-the muscle imbalance is produced by a
hyperactive buccianator and mentalis and an
altered tongue that accentuates the narrowing
of upper dental arch(V shape).
DIVISION 2:- presence of lingually inclined upper
central incisors and labially tipped lateral
incisors overlapping the central incisors.
44. CLASS II SUBDIVISION: -
When a class II molar relationship exists on one
side and a class I relationship on other side it is
referred as class II subdivision.
45. ANGLE’S CLASS III:
-In this the mesiobuccal cusp of maxillary 1st
molar occludes the interdental space between
mandibular 1st and 2nd molars.
-Classified into: 1) True class III(skeletal)
2) Pseudo class III(false or
46. True class III: It is of genetic origin and is due to:
Excessively large mandible
Forwardly placed mandible
Smaller than normal maxilla
Retro positioned maxilla
Combination of above causes
- The lower incisor tend to be lingually inclined.
47. Pseudo class III: - It is produced by forward movement
of mandible during jaw closure; thus it is also
called postural or habitual class III malocclusion.
- It is due to:
Presence of occlusal prematurities may
deflect the mandible forward.
In case of premature loss of deciduous
A child with enlarged adenoids.
48. Class III subdivision: This is a condition characterized
by a class III molar relationship on one side ad
class I on other.
49. DRAWBACKS OF ANGLE’S CLASSIFICATION:
1) Angle considered malocclusion only in antero-
posterior plane not in transverse and vertical
2) He considered the 1st permanent molars as
fixed points in skull which was not found so.
3) The classification cannot be applied if 1st
permanent molars are extracted or missing.
4) The classification cant be applied to
50. 5) The classification does not differentiate
between skeletal and dental malocclusions.
6) The classifications does not highlight the
etiology of malocclusion.
7) Individual tooth malpositions have not been
considered by Angle.
51. DEWEY’S MODIFICATION OF ANGLE’S
- Divided class I into 5 subtypes and class III into 3
- Class I modification:-
Type 1: - class I malocclusion with bunched or
crowded anterior teeth.
Type 2:- class I with protrusive maxillary incisors.
Type 3: -class I malocclusion with anterior
Type 4: class I molar relation with posterior
52. Type 5: - The permanent molar has drifted mesially
due to early extraction of second deciduous
molar or second premolar.
Class III modification:
Type 1:- The upper and lower dental arches when
viewed separately are in normal alignment. But
when the arches are made to occlude the
patient shows an edge to edge incisor alignment
,suggestive of forward movement of mandible.
53. Type 2:- The mandibular incisors are crowded and
are in lingual relation to the maxillary incisors.
Type 3:- The maxillary incisors are crowded and are
in cross bite in relation to mandibular anteriors.
54. LISCHER’S MODIFICATION OF ANGLE’S
Neutrocclusion: Angle’s class I malocclusion.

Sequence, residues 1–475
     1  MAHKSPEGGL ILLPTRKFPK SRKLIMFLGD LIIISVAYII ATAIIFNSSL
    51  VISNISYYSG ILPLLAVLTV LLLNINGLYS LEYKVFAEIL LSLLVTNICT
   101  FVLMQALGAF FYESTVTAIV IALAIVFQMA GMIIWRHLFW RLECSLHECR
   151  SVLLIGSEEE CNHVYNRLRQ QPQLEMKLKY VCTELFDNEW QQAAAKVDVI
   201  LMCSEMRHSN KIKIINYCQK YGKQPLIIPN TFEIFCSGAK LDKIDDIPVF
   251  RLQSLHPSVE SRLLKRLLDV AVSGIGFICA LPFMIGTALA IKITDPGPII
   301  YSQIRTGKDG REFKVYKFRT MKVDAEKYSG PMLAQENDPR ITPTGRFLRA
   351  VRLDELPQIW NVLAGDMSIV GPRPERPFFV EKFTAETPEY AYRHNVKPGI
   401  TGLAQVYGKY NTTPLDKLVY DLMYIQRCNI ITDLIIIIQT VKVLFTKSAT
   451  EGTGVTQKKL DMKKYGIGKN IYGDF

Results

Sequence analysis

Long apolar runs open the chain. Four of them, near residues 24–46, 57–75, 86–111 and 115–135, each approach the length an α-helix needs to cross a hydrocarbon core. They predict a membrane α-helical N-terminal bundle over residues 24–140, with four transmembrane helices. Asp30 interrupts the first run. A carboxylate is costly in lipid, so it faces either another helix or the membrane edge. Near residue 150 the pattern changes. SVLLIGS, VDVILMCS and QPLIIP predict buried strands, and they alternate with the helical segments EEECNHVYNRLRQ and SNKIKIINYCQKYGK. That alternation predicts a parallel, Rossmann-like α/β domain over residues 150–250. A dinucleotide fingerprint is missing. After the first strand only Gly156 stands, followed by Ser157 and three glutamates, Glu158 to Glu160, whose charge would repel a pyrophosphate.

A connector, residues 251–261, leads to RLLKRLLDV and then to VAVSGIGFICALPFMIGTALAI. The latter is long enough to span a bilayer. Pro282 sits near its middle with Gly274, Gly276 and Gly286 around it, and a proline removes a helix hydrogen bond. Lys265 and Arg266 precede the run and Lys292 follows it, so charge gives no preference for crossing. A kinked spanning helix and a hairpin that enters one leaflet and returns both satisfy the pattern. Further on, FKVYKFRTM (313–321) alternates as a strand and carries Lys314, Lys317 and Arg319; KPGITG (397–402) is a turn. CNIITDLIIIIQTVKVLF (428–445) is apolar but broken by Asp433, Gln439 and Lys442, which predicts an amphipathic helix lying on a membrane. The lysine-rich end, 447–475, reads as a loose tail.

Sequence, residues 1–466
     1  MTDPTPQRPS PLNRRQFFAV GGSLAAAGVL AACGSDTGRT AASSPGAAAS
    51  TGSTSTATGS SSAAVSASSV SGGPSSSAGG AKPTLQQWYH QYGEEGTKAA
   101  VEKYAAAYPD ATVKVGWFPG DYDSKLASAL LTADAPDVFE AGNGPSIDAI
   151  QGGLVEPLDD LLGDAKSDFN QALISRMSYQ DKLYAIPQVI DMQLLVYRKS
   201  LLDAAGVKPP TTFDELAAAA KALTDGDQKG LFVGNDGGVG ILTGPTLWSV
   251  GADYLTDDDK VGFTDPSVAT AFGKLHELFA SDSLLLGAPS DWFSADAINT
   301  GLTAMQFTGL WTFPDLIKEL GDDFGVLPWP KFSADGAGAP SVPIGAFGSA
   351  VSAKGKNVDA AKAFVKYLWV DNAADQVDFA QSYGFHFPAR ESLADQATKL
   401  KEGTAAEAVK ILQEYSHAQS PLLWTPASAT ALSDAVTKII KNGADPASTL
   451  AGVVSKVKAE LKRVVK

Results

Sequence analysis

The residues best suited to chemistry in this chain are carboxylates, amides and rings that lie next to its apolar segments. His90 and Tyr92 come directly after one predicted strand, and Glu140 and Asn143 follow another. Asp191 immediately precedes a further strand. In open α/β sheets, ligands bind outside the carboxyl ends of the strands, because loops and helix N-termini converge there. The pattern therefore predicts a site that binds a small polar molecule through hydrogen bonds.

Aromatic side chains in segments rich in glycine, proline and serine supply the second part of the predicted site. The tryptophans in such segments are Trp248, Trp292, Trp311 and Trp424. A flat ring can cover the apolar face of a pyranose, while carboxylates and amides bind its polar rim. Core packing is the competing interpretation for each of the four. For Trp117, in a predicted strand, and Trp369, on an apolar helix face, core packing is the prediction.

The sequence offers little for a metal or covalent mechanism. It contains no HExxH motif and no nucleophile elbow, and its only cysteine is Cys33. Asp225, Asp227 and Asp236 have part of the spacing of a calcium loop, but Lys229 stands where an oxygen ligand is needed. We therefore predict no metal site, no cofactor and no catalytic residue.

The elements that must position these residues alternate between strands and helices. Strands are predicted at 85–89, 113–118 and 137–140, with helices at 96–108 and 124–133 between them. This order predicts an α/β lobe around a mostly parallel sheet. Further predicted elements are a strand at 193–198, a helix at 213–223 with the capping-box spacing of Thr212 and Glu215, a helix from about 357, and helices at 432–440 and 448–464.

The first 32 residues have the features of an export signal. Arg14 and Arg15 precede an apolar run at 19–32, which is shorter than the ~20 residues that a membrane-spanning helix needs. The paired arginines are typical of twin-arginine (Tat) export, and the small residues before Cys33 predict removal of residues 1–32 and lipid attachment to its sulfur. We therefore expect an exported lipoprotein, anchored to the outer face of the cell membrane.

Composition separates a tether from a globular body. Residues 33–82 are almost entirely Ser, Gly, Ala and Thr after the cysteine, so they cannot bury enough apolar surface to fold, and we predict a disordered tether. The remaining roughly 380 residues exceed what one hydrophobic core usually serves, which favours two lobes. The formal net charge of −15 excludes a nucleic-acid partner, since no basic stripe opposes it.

Distocclusion: Angle’s class II malocclusion.
Mesiocclusion: Angle’s class III malocclusion.
Buccocclusion: Buccal placement of a tooth or group of
Linguocclusion: lingual placement of tooth or group of
Supraocclusion: When a tooth or group of teeth have
erupted beyond the normal level.
55. Infraocclusion: when a tooth or group of teeth have
erupted below the normal level.
Mesioversion: mesial to normal position.
Distoversion: Distal to normal position.
Transversion: transposition of two teeth.
Axiversion: Abnormal axial inclination of a tooth.
Torsiversion: Rotation of a tooth around its long
56. BENNET’S CLASSIFICATION:
-Based on etiology.
-Class I:- Abnormal position of one or more teeth
due to local causes.
-Class II:- Abnormal formation of a part of or
whole of either arch due to developmental
defects of bone.
-Class III:- Abnormal relationship between upper
and lower arches, and between either arch and
facial contour and correlated abnormal
formation of either arch.
57. SIMMON’S CLASSIFICATION:
-It is a craniometric classification.
-made use of anthropometric planes i.e. the
Frankfort horizontal plane, the orbital plane, the
- Classification was based on abnormal
deviations of dental arches form their normal
position in relation to these three planes.
58. FRANKFORT HORIZONTAL PLANE: -
-It connects the margin of the external auditory
meatus to the infra-orbital margin.
-This plane is used to classify malocclusions in
- When the dental arch or part of it is closer than
normal to Frankfort plane, it is called attraction.
- When the dental arch or part of it is farther
away from the Frankfort plane, it is called
59. Orbital plane:-This plane is perpendicular to the
Frankfort plane, dropped down from the bony
orbital margins directly under the pupil of the
-According to Simon, this plane should pass
through the distal third of upper canine called as
Simon’s law of canine.
-This plane is used to describe malocclusion in
sagittal or antero-posterior direction.
-When the dental arch or part of it is away from
orbital plane, it is called as protraction.
-When the dental arch is closer or placed more
posteriorly to this plane, it is called as retraction.
60. Mid sagittal plane:-
-it is used to describe malocclusion in transverse
-When a part or whole of arch is away from the
this plane, it is called as distraction.
- When the dental arch is near to this plane, it is
called as contraction.
62. ACKERMAN-PROFITT SYSTEM OF CLASSIFICATION:
-Based on 5 characteristics:
-considered transverse and vertical
-evaluated crowded and arch asymmetry.
-influence of dentition on profile.
66. KATZ PREMOLAR RELATIONSHIP:
Premolar class I- most anterior upper premolar fits
exactly into the embrasure created by distal
contact of most anterior lower premolar.
Premolar class II:- the most anterior premolar is
occluding mesial embrasure created by distal
contact of most anterior lower premolar.
Premolar class III:-the most anterior premolar is
occluding distal of the embrasure created by
the most anterior lower premolar.